Should armor-piercing bullets be banned?

m855 ammo
A proposal in the House would ban M855 armor-piercing ammo, which is recognizable by its distinctive green tips.

Two House Democrats have proposed a ban on armor-piercing bullets, just days after the ATF backed away.

The legislation would require the attorney general to modify the definition of armor-piercing ammo to make it illegal in the U.S.

The bill applies specifically to M855, a type of ammunition used in assault rifles, which are referred to as modern sporting rifles by the gun industry because they can be used in hunting. President Ronald Reagan exempted them, in 1986, from a ban on armor piercing ammo that has been in effect since 1968.

That exemption was based largely on the fact that the M855 ammo couldn't be used in handguns. But since the exemption went into effect nearly 30 years ago, handguns using this type of bullet have been introduced.

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In February, the Bureau of Alcohol, Tobacco, Firearms and Explosives announced a proposal to lift the exemption on M855, by folding it back into the long-standing ban on armor piercing ammo.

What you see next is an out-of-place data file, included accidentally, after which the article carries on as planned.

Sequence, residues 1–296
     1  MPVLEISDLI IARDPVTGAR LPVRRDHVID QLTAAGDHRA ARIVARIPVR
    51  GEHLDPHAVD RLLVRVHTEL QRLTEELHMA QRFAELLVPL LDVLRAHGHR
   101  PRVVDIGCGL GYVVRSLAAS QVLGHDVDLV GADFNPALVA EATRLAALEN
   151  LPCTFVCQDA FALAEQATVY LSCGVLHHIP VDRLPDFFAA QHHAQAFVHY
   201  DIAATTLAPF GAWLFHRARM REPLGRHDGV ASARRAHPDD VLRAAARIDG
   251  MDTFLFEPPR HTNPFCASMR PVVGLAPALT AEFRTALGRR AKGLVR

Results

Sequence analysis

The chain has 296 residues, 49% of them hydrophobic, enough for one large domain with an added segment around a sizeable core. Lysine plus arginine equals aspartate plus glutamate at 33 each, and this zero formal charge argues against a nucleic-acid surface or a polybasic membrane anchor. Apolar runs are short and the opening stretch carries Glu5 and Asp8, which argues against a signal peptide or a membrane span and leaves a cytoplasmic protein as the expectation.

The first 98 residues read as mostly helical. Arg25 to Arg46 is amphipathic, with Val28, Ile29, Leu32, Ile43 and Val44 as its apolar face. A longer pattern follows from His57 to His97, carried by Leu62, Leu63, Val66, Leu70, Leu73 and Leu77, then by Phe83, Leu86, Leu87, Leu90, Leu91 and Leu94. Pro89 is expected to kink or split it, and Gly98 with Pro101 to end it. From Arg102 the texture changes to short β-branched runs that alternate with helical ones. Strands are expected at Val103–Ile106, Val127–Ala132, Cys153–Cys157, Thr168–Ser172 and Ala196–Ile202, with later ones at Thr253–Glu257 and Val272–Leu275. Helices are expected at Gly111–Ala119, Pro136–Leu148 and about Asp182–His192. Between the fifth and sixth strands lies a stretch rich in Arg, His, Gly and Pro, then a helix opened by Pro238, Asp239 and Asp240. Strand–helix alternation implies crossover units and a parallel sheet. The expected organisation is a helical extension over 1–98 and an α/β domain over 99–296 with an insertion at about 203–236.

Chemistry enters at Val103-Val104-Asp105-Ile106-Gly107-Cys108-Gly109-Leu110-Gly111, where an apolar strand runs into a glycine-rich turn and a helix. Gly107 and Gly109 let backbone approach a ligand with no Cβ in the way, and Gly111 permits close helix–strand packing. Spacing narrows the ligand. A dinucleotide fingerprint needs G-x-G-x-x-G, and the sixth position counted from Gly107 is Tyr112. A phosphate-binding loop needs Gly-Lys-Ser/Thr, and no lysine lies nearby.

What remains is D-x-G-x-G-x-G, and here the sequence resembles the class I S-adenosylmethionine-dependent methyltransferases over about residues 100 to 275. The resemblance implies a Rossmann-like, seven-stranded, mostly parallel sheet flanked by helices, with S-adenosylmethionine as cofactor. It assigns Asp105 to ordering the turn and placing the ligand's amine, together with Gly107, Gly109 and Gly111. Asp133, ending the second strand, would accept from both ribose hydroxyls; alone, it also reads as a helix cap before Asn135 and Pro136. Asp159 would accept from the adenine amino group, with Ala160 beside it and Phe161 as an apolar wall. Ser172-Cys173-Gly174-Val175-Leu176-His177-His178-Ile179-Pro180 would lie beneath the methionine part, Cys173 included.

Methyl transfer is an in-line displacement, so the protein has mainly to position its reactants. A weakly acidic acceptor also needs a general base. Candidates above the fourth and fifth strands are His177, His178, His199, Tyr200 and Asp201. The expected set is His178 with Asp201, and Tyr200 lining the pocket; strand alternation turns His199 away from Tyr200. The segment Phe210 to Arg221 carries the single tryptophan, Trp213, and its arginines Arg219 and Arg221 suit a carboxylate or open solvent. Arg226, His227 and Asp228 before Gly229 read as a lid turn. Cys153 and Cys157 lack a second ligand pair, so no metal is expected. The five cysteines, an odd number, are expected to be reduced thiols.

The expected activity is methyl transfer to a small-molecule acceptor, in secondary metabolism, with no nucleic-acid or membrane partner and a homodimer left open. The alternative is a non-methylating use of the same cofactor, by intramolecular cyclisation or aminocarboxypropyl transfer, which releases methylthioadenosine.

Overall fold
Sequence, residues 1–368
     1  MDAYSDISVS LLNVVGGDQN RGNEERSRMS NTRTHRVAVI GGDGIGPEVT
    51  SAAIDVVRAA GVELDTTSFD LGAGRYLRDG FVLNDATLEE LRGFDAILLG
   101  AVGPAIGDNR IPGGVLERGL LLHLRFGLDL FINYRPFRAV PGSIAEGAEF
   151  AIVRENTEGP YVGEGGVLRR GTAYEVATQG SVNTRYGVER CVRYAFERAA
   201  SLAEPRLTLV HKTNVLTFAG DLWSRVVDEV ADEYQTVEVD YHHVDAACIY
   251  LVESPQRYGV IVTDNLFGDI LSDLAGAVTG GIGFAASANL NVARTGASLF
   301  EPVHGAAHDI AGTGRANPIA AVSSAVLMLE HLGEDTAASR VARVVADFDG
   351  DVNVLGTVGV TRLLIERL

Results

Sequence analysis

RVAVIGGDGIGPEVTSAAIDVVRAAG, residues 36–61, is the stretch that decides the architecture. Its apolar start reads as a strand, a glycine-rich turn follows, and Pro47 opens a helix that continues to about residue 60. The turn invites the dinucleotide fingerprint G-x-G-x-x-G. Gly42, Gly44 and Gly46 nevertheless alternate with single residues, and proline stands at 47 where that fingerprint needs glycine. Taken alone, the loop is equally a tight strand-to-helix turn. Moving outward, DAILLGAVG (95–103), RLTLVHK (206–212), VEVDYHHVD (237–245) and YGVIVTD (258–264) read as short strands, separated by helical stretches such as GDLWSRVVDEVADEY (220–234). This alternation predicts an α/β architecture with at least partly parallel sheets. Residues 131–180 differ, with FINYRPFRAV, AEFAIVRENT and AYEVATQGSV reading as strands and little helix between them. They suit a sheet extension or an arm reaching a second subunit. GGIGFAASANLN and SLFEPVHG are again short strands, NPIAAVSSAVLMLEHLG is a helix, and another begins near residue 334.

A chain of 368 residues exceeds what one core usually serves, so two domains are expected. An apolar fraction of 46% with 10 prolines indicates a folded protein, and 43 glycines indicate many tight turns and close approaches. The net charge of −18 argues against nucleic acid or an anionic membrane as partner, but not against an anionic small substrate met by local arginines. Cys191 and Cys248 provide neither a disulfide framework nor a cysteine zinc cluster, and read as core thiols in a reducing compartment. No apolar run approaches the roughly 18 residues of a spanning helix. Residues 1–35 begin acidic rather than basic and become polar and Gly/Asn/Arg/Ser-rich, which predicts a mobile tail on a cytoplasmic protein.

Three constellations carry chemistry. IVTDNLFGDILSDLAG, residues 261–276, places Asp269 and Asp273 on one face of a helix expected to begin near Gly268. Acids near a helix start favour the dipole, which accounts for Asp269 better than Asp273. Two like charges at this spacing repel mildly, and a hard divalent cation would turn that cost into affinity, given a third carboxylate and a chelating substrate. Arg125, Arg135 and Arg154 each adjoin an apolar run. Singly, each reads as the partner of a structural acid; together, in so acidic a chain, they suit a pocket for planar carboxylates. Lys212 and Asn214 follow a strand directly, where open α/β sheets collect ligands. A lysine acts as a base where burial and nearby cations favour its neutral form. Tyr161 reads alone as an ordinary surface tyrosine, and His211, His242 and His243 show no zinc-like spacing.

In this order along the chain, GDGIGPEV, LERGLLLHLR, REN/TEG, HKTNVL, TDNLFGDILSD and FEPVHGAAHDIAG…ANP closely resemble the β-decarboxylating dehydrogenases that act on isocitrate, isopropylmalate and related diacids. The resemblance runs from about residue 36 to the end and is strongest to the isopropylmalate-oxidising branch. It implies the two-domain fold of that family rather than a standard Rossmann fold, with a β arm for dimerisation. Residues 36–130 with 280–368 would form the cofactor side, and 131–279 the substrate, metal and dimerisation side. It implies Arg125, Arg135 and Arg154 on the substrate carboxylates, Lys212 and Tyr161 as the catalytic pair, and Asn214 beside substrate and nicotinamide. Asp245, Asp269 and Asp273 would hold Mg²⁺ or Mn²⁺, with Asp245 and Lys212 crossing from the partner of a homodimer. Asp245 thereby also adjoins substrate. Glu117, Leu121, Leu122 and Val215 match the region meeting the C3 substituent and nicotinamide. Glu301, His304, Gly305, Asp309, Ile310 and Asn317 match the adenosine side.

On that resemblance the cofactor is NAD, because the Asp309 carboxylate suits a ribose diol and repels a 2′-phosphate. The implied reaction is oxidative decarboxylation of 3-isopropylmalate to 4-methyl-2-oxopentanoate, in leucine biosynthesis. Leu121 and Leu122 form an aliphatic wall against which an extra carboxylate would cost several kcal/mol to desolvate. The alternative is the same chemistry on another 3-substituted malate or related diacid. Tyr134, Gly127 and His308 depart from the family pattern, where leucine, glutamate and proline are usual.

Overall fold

But when the ATF opened up the proposal to public comment, the bureau got 80,000 responses, most of them negative. The ATF backed away from the proposal on March 10.

The bill, introduced Monday, is called the Modernize Law Enforcement Protection Act. It was co-sponsored by Steve Israel of New York and Jackie Speier of California.

"The ATF's decision to cave to the gun lobby and allow life threatening armor piercing bullets to remain on the streets is not only reckless, but cowardly," Israel said in a statement on Monday. "This legislation is an important step to protect law enforcement from ammunition that may penetrate body armor."

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The proposal faces an uphill battle getting passed. President Obama failed to get a bill through Congress in 2013 that would have placed further restrictions on assault rifles and expanded background checks on gun sales. He introduced the bill just months after the massacre at Sandy Hook Elementary.

Many gun advocates tend to oppose all forms of gun restrictions, viewing them as incremental steps toward even more stringent restrictions.

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